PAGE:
Sunday, May 5, 2013

6th Sunday of Easter - May 5, 2013 - Book of Acts

First of all, I am very sorry not to be here today.  As you may know, my granny, Rose Worley, died on Tuesday.  She was my last living grandparent and it was important for me to be with family to mourn and to say goodbye.  Unfortunately, this has left me with little time to prepare anything for you for this Sunday morning.  I regret this, but you all know as well as I do that life and death do not conform themselves to our schedules.

In the Sundays following Easter I have been speaking with you about what happened after Jesus ascended into heaven. What is the story of the early church?  We have heard how the church began as a group of frightened disciples in a locked room.  But these fearful disciples are given courage and ability by the Holy Spirit on the day of Pentecost, and they begin preaching out in the open.  And though they were threatened and though they were beaten, they continued to preach that Jesus Christ died and was raised so that sinners who believe in him will be forgiven.  In these early days you can already see the difference that Jesus has made: those who were fearful became courageous.

We have heard the more intense persecution that came when Stephen was stoned to death under the approving gaze of Saul.  For those who endured it, this persecution certainly would have seemed like a terrible thing.  But God is able to work through that which is bad in order to accomplish something good.  And this time was no different.  Those who fled the persecution in Jerusalemestablished the church in different towns.  The church grew! 

Something else amazing happened too.  God worked in the life of a man who was totally opposed to Jesus.  Jesus came to Saul and chose to forgive him and love him.  Saul the persecutor became Paul the great missionary of the church (though we haven’t told that part of the story yet.)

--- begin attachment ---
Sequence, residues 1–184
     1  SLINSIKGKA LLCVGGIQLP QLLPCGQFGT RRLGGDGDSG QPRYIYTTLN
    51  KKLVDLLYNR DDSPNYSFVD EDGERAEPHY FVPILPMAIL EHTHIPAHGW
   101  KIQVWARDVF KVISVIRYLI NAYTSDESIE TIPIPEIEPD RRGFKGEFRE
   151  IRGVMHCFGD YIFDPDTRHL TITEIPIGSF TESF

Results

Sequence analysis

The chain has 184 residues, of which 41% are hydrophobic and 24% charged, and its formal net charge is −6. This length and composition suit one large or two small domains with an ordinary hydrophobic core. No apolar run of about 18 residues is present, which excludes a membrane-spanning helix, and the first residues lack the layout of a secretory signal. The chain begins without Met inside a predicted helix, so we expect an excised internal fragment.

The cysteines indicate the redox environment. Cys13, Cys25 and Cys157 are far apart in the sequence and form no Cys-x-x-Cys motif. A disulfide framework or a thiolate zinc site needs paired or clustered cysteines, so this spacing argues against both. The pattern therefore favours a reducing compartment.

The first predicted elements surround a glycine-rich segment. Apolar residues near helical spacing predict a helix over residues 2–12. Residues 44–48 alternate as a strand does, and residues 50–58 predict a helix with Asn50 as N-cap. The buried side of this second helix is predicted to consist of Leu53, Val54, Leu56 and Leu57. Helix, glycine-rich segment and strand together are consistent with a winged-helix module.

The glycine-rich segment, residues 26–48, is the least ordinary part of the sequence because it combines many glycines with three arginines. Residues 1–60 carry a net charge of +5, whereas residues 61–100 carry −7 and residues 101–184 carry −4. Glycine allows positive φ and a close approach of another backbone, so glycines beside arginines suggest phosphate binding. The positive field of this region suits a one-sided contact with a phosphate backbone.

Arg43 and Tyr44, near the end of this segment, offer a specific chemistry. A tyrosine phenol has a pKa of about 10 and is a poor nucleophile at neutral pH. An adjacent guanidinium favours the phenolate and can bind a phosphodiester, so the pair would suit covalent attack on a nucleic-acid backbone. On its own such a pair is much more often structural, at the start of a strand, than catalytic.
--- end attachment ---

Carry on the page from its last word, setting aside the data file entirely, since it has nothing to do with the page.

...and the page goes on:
And we have heard about how Peter visited the new churches that had spread out from Jerusalem because of the persecution.  And as he was out visiting he kept having occasion to do exceptional things, like raising Tabitha from the dead.  And going to the home of a Roman!  And God showed Peter that the gospel of Jesus Christ was not just for Jews, but for other people too.  And so he preached to the household of Cornelius the Roman, and they believed, and they were baptized.

And now we jump forward in the story.  In our lesson today, the Apostle Paul and his traveling companions are out on a missionary journey.  They are already far from Jerusalem and far from the Jewish homeland.  They have been preaching the Gospel to gentiles throughout the area that we know today as the country of Turkey.  In other words, they are still on the continent of Asia.  They may be far from home, but they are still connected.

Our lesson reads, “During the night Paul had a vision: there stood a man of Macedonia saying, “Come over to Macedonia and help us.”  This might not seem significant to us.  For most of us Bible geography is pretty confusing and Macedonia just sounds like another place.  What makes it different?  It is different because to get to Macedonia you must cross the sea.  Macedonia is in Europe, not in Asia

What does it mean to cross the sea?  What does it mean to leave one continent behind and move on to another?  Crossing the sea and setting foot on a new continent represent another leap of the gospel.  Just as the gospel was not just for the people of Jerusalemand it wasn’t just for the Jews, so also it means this: The good news of Jesus Christ is not just for people who are nearby or convenient.  The good news goes much, much further; it will not be limited.

Now we can regard all of this as history, if we like.  We can say to ourselves, “The gospel did that back then, two thousand years ago.”  But if that’s all we think, we’ll be missing the point.  The point is this: just as the gospel could not be restrained back then, so it will not be restrained now. 
  • Persecution could not stop it then. 
  • Ethnic boundaries couldn’t stop it then. 
  • The end of land and the expanse of sea couldn’t stop it then. 
The good news that God is reconciling us to himself in Jesus Christ could not be stopped.

These days, many of us worry about what is happening to the church and our country.  Church attendance is down; our society is becoming more coarse; long-valued traditions and understandings are crumbling.  As a nation, we feel less optimistic for the future and less satisfied in the present.

Do not be afraid.  There may be obstacles.  There may be tough times.  But the gospel of Jesus Christ will not be stopped.  And it will not be satisfied to be put up in the attic or set in the corner.  God is determined that the world will know about his Son, and the forgiveness of sins that all who believe have through him.  Nothing will stand in the way of this amazing gospel, not then, and certainly not now.  Amen.

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